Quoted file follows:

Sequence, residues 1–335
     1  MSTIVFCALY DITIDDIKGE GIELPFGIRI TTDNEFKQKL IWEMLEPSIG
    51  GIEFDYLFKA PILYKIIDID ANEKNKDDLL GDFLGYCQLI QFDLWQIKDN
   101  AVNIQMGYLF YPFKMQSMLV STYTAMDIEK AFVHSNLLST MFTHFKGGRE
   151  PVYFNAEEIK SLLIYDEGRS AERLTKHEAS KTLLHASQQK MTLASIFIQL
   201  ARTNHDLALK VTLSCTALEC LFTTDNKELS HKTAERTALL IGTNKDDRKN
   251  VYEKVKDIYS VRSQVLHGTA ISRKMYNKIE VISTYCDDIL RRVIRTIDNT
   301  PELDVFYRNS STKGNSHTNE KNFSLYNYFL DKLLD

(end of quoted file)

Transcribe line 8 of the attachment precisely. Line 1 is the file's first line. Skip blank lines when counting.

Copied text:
   301  PELDVFYRNS STKGNSHTNE KNFSLYNYFL DKLLD